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Jpn J Physiol. 1983;33(6):945-54.

Properties of caffeine- and potassium-contractures in fatigued frog single twitch muscle fibers.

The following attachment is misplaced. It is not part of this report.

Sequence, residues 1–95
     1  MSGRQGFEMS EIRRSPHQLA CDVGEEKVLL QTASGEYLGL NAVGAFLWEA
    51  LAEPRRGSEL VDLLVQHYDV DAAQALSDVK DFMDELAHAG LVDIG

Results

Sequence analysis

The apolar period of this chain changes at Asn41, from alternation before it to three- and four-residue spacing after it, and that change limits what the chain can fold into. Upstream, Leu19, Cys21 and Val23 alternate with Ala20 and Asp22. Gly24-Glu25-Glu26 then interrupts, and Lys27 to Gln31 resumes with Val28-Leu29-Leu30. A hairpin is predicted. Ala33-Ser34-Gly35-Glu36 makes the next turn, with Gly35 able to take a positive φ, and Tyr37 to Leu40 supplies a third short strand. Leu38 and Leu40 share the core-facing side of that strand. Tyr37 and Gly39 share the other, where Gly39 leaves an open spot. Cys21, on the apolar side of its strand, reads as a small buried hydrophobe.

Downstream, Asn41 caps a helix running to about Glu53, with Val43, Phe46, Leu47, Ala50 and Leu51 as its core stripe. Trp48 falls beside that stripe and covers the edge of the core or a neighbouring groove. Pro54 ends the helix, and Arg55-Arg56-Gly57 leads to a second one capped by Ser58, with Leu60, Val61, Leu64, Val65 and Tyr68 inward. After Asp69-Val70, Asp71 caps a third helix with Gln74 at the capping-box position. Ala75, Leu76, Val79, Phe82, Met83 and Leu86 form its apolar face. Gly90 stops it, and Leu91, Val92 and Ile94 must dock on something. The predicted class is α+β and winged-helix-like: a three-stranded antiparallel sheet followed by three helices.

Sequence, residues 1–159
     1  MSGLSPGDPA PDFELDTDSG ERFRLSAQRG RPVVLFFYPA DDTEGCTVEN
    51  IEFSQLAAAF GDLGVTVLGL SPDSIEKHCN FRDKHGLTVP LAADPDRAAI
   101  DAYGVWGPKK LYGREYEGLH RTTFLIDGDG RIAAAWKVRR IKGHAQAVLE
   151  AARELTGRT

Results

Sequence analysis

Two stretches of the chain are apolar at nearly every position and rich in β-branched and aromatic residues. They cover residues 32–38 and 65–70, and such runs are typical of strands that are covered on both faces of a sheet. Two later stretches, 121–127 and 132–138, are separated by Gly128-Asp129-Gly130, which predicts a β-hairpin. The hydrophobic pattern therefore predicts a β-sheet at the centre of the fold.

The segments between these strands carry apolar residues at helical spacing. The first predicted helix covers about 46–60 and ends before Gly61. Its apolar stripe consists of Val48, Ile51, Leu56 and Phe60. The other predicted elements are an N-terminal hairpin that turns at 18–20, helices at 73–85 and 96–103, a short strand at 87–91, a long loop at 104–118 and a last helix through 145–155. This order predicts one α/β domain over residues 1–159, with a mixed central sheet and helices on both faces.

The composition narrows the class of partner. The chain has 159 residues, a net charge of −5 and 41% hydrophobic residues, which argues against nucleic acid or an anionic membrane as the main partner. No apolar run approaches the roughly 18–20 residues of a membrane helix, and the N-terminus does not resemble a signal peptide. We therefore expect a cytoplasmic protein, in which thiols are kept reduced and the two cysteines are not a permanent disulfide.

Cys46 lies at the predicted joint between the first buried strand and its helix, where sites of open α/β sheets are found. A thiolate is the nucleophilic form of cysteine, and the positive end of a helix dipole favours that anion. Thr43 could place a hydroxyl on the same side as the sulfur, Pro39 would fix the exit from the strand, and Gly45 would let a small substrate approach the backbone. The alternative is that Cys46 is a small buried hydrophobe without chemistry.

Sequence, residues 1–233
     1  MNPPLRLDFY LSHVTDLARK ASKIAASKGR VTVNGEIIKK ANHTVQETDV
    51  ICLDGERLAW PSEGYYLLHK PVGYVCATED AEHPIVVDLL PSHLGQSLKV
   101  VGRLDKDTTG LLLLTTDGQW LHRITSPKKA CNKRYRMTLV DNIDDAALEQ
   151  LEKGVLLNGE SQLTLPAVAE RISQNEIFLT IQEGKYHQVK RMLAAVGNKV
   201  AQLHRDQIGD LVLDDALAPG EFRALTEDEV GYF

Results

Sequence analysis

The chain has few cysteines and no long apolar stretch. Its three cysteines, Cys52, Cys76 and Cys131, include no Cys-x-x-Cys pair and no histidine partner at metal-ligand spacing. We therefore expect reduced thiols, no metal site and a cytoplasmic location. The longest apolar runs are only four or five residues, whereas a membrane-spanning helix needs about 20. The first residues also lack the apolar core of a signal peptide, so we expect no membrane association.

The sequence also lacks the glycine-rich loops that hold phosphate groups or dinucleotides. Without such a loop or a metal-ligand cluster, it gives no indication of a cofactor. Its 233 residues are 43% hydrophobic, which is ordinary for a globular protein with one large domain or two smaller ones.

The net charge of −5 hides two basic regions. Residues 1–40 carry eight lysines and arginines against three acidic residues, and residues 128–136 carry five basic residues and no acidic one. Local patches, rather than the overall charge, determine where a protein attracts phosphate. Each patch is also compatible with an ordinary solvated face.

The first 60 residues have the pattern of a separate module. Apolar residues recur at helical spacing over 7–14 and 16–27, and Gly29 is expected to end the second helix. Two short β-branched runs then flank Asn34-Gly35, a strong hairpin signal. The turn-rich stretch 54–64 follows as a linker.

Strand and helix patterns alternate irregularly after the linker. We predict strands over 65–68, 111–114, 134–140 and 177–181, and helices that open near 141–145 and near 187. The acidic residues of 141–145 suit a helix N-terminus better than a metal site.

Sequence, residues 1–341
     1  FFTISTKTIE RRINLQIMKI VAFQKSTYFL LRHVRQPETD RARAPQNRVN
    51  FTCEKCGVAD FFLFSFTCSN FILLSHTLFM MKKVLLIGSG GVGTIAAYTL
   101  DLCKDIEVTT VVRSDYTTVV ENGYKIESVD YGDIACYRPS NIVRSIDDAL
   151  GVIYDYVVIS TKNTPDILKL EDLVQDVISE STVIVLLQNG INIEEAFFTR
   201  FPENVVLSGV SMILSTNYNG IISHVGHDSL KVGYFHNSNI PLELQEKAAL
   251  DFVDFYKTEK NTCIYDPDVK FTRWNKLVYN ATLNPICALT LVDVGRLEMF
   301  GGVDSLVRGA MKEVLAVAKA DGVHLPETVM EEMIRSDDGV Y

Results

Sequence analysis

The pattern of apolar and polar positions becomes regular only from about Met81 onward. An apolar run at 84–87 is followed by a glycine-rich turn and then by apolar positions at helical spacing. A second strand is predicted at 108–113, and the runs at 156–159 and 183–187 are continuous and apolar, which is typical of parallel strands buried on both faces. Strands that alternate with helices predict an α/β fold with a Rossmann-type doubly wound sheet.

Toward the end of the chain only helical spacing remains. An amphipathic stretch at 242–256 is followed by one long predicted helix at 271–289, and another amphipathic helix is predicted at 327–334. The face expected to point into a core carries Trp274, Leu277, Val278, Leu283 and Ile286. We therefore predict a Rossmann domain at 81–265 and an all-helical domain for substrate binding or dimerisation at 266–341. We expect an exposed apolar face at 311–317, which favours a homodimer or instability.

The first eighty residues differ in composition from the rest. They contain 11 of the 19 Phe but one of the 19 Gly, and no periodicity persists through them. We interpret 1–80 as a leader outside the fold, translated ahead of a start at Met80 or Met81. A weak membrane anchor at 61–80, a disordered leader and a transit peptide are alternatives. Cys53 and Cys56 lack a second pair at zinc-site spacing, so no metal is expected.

The properties of caffeine contracture and potassium contracture in fatigued single fibers were examined in detail using frog semitendinosus muscle, Rana japonica. Fatigue was caused by repetitive stimulation at 2 Hz. The dose-response curve of caffeine contracture in the fatigued fibers was shifted toward the right; the threshold concentration of caffeine for the contracture in normal fibers was 1.5 mM, whereas that in fatigued fibers was 5 mM. However, in the presence of 25 mM K+ or 0.01% Triton X-100, caffeine contractures occurred sufficiently at the lower concentrations (3-5 mM) even in the fatigued fibers. Furthermore, in the fatigued fibers, the peak tension of the initial component of biphasic potassium contracture with 60 or 80 mM KC1 (C1 constant; 120 mM) was slightly inhibited, whereas the secondary component of the contracture was markedly inhibited. These results indicate that the permeability to caffeine of the transverse tubular membrane (T-membrane) of the fibers and the Ca influx in response to the direct depolarization of T-membrane with K+ are markedly inhibited in the fatigued fibers.

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